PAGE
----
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London tribunal begins today to decide on the release of secret documents

Today, the Information Rights Tribunal in London is considering whether to order the Foreign Office to reveal secret communications between Foreign Office officials which are nearly 40 years old. In June 2013, Marc Jones, a Durham university PhD student and member of the NGO, Bahrain Watch made a Freedom of Information Request to the FCO asking for a secret file entitled “Bahrain: Internal Political situation 1977”. The FCO refused to disclose the full file arguing to reveal the information would damage international relations. He complained to the Information Commissioner who rejected his complaint on the basis that prejudice would be caused to the UK’s relations with Bahrain if it was made public. See the outline of the case here.


On 16 February, the FCO filed evidence at court from a senior diplomat, Edward Oakden, to the middle east who gave evidence at the hearing this morning. His statement, reiterated in court says:

Bahrain is a generous host to the Royal Navy and the Royal Air Force, providing basing and overflight rights free of charge. In December 2014, the Foreign Secretary signed a Memorandum of Understanding with the Government of Bahrain to establish a more permanent naval base in Bahrain, which the King has agreed to fund. The new agreement will provide improved facilities for UK Royal Navy personnel; allow us to expand our operational effectiveness in a volatile region; and will also provide us with a forward base for naval operations. [REDACTED] … If the Bahraini authorities were to conclude that confidential information exchanged during the course of UK reform assistance projects could now be released, they could be less inclined to continue to accept such assistance, as we have also seen happen in other countries. Disclosure of this material would then cause damage to our initiatives to enhance human rights, civil liberties and good governance at a time when the UK is providing increasingly sensitive assistance on police reform in the security sector.


Most of Mr Oakden’s statement was redacted and was considered by the tribunal at a secret “Closed” hearing within a hearing in which no members of Marc’s team or the public were present.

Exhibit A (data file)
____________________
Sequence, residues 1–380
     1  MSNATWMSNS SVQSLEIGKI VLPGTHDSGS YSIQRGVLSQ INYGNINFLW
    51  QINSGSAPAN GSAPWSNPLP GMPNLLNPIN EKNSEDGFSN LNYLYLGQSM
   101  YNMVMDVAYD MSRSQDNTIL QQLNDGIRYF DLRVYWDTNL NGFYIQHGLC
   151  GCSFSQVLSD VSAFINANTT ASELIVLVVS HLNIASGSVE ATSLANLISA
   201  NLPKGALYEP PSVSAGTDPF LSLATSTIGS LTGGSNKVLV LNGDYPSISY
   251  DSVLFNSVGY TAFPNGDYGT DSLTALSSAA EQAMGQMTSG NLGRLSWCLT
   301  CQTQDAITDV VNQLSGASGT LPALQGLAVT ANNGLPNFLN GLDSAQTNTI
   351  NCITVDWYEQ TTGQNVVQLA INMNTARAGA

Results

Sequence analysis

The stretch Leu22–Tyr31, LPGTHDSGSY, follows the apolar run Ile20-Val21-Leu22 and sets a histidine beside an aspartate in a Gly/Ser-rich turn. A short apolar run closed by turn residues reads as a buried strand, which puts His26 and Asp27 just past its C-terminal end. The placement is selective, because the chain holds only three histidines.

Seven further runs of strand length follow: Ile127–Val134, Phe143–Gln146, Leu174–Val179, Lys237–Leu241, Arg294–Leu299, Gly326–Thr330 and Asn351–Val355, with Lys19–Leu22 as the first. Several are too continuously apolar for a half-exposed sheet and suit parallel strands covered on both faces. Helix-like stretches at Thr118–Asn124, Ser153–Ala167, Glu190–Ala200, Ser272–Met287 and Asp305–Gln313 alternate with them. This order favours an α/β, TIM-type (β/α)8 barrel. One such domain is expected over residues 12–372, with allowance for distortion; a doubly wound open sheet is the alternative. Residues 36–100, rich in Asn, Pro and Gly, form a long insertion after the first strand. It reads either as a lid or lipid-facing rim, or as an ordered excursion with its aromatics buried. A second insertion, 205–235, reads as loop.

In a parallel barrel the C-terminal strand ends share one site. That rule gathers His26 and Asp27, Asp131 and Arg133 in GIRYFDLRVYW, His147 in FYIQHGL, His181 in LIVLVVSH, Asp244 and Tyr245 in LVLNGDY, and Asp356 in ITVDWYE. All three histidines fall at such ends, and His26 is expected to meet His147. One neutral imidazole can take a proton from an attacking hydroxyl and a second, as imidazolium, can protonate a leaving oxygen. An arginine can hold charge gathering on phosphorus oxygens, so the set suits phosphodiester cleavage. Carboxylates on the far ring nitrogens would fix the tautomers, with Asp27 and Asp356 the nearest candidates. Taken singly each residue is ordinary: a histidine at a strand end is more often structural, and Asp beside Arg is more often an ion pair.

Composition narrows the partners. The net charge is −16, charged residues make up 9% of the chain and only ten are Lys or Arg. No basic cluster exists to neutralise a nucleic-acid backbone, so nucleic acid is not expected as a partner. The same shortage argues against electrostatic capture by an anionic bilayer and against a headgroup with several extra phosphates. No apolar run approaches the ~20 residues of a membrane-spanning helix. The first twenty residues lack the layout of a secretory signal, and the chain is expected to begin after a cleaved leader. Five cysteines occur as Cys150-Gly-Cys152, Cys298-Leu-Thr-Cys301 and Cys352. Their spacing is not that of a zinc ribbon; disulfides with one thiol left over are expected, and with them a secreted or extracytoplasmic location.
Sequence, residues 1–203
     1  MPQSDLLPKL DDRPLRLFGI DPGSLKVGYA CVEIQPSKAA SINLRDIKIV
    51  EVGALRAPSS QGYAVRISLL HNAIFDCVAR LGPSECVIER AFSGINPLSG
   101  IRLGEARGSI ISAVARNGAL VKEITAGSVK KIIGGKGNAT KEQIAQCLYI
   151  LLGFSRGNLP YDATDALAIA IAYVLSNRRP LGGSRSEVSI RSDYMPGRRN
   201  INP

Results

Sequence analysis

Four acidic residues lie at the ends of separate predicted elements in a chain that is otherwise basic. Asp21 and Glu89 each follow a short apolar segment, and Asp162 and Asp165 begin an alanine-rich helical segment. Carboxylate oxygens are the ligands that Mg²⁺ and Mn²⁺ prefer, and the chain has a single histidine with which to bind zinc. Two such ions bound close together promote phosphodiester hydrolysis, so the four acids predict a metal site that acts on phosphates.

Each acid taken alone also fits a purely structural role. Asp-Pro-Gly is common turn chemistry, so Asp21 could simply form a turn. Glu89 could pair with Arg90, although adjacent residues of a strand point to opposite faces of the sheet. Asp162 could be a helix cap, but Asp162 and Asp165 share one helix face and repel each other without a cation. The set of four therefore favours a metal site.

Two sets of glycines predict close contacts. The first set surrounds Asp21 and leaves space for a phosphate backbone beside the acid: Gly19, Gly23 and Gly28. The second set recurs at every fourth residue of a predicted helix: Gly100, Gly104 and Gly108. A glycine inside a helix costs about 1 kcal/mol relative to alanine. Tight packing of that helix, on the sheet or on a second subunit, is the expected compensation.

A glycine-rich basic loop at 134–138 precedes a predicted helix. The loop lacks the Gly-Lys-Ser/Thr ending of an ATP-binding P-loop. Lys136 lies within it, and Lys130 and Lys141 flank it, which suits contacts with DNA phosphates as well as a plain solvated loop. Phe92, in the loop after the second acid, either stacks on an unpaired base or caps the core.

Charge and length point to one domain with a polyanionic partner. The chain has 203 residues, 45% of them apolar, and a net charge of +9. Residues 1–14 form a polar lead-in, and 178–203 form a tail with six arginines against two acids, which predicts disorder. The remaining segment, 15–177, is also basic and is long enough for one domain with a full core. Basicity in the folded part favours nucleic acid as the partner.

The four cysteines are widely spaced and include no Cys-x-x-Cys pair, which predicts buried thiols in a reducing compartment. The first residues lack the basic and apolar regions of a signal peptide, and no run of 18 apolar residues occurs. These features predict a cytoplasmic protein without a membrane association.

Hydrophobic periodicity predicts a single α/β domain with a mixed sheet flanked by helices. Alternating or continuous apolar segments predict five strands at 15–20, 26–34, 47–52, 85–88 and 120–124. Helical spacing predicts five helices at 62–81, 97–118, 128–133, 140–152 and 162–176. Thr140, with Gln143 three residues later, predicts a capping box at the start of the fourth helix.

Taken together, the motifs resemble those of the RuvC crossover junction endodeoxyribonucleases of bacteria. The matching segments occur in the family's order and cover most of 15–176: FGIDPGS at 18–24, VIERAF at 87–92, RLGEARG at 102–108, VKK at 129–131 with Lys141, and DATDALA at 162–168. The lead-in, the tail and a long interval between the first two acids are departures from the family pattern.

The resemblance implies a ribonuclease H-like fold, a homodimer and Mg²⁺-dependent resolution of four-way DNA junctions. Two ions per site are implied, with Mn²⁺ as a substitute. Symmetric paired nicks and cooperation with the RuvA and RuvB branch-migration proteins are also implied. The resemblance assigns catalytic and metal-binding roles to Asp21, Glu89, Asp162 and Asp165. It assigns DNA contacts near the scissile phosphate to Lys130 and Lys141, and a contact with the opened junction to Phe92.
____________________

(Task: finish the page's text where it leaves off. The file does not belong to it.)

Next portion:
Marc Jones said “My appeal is reflecting public concern that the British Government has insulated the Government of Bahrain from criticism of serious human rights abuses including torture, and may have concealed evidence of serious wrong-doing. How can the government seriously use the recent decision to open a defence base in Bahrain to justify a decision to withhold information they made over 18 months ago?

I believe it is not in the public interest for the FCO to withhold information about the contentious relationship between Britain and Bahrain going back to the seventies. The spurious argument that the new British base deal should serve as a reason to keep the information secret is also objectionable, as the FCO’s decision to withhold came long before the new base deal was announced in December 2014. Furthermore, the nature of the hearing itself, in which most of the FCO’s evidence is secret, is also undemocratic, and makes a mockery of both the procedure and our right to know. As was noted in the white paper on our right to know, “unnecessary secrecy in government leads to arrogance in governance and defective decision-making”. It is also questionable that the particular document being withheld is a conversation involving Ian Henderson, now dead, who is a Briton also accused of torture serving as head of the police during the brutal crushing of the Mau Mau Insurgency in Kenya. Here again involved in torture in Bahrain. But we may never know.”


His solicitor, Sue Willman said, “What is on trial here is the transparency and the accountability of the actions of the British Government in relation to Bahrain. Also on trial is the worrying trend towards secret justice in the UK, when most of the relevant evidence will be heard in closed proceedings so my client has no idea what is being said and no means of challenging it ”.

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